Iowa coach Fran McCaffery explains how his team keeps rallying for wins at home. Listen: Hawk Central
IOWA CITY, Ia. — Fran McCaffery’s 10th season as Iowa’s men’s basketball coach has produced his most remarkable team.
In the most competitive league in the nation, with a roster in constant flux, the Hawkeyes have kept their focus. And kept winning.
There are three games remaining in the regular season, starting with No. 14 Penn State (21-7, 11-6 Big Ten Conference) coming to Carver-Hawkeye Arena for a sold-out game that will tip at 11 a.m. Saturday and be shown on the Big Ten Network.
McCaffery’s No. 17 Hawkeyes (19-9, 10-7) will be awaiting the challenge, as they have throughout a season in which they’ve exceeded all expectations and have assured themselves a second consecutive NCAA Tournament appearance.
“I’ve just been impressed with how they’ve been able to overcome. They didn’t go in the sink,” former Northwestern star and current BTN analyst Shon Morris said.
“They’ve overachieved. Fran has to be one of the front-runners for Big Ten coach of the year.”
It’s hard to argue against this has been McCaffery’s finest coaching job at Iowa. It started after a gloomy spring that saw Tyler Cook (14.5 points per game) depart to the professional ranks, Isaiah Moss (9.2) transfer to Kansas and Jordan Bohannon (11.6) announce he was undergoing hip surgery that would put his 2019-20 season in jeopardy.
The Hawkeyes were picked to finish a middling eighth in the 14-team Big Ten in a preseason media poll. McCaffery pounced.
“I think he did a good job of pointing that out,” Fran’s son, Connor, said slyly. “I know a lot of people didn’t expect us to be where we are.”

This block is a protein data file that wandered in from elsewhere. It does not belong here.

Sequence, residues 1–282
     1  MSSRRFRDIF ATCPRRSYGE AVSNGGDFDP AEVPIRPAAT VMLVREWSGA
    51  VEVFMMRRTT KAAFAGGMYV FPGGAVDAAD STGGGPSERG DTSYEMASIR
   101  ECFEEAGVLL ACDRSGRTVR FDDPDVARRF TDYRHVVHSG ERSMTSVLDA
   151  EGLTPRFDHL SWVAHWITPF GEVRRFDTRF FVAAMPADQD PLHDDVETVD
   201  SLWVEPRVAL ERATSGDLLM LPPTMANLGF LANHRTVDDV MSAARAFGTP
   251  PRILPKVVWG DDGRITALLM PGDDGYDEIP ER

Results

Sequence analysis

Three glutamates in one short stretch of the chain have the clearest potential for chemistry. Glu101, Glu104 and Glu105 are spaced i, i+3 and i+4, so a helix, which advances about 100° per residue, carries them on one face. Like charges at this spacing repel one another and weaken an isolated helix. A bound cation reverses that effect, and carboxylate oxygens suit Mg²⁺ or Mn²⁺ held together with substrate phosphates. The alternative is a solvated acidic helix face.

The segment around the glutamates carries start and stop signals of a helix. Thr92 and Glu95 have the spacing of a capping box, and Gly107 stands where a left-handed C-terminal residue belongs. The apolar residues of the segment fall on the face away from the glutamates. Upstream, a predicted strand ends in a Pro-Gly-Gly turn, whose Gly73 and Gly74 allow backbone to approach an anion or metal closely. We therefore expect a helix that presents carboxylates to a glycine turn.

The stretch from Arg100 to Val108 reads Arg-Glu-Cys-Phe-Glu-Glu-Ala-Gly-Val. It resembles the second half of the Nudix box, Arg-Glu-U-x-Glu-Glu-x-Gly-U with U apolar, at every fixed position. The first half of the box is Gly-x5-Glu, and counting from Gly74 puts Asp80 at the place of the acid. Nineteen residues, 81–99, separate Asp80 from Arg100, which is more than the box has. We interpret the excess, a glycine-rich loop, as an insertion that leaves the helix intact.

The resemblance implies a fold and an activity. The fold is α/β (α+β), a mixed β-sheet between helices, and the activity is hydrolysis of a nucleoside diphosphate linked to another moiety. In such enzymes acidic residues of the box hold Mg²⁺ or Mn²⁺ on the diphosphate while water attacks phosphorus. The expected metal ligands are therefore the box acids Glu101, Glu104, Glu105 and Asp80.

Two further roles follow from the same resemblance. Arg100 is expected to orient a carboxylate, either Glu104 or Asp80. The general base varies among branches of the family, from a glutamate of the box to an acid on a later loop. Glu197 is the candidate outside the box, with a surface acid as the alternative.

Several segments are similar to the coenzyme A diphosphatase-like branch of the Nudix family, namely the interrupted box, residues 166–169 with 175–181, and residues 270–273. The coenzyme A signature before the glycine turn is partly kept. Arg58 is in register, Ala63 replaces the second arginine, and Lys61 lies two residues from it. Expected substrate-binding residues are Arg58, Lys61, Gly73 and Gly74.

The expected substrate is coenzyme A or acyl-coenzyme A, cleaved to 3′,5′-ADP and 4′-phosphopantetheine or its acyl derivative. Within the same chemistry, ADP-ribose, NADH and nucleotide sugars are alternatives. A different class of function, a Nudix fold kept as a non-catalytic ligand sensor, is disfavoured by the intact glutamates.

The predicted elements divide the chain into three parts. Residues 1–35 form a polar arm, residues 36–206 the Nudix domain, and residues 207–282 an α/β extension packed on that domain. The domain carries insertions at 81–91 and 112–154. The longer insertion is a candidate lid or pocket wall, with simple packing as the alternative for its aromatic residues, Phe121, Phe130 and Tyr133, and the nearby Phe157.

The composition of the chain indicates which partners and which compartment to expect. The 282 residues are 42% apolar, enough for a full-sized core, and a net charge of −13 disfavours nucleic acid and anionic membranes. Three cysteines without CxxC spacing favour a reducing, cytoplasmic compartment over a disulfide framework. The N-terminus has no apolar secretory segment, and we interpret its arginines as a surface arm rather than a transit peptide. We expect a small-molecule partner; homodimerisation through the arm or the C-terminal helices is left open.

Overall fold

The message remained the same even after Iowa lost starting power forward Jack Nunge to knee surgery. Bohannon did end up shutting things down after playing in 10 games. Starting shooting guard CJ Fredrick has missed time with three separate injuries.
Still, Iowa has six victories over ranked opponents this season, the most of any McCaffery team. Iowa has lost back-to-back games only once, and never three in a row.
The Hawkeyes rank sixth in the nation, and first in the Big Ten, in offensive efficiency in Ken Pomeroy’s rankings. They are 90th on the defensive end, their best mark in four seasons.
And, for the first time, Iowa has produced a legitimate contender for national player of the year in junior center Luka Garza, who is averaging 23.6 points and 9 .6 rebounds per game.
Give McCaffery some credit for all of this.
His boss, athletic director Gary Barta, sure does.
“He knows his players. He cares so much about them that he spends so much time with them,” Barta said of McCaffery, who is signed through the 2023 season. “He knows what gives us the best chance to succeed.”
A calmer coach who is getting his Hawkeyes to play tough
A hallmark of this year’s Iowa team has been its mental toughness. It was apparent in wins at Syracuse and Iowa State, and in a trio of home victories over Big Ten opponents that required second-half comebacks.
Connor McCaffery, who leads the nation in assist-to-turnover ratio at 4.54-to-1, said that’s been a result of his father’s insistence that his players not make excuses for poor play, and not dwell on who is missing from the lineup, but rather rally around those who are on the court.
“They out-toughed Illinois,” Morris said of a 72-65 Iowa home win on Feb. 2. “They’ve come together, especially on the defensive end of the floor. They’re not stellar defensively, but they’re a lot better. Because of that, they’ve increased their margin for error.”
Illinois coach Brad Underwood noted the same thing, saying McCaffery should be getting more notice nationally for the job he’s done. Underwood even said that this year’s Hawkeye team is better than the one that went 23-12 a year ago and nearly made the Sweet 16 — with a group that included Cook, Moss and Bohannon.
“Fran’s a tough son of a gun. It’s a mindset,” Underwood said. “He’s got his kids believing, and that’s 99 percent of the battle today in college coaching is getting your team to believe in you and take on some of your characteristics.”
McCaffery, who has a well-established reputation for being quick-tempered, has also been noticeably calmer in the huddles during timeouts much of this season. His anger can still flare, as evidenced by the three technical fouls he’s received.
But he’s not as quick to rip into his players.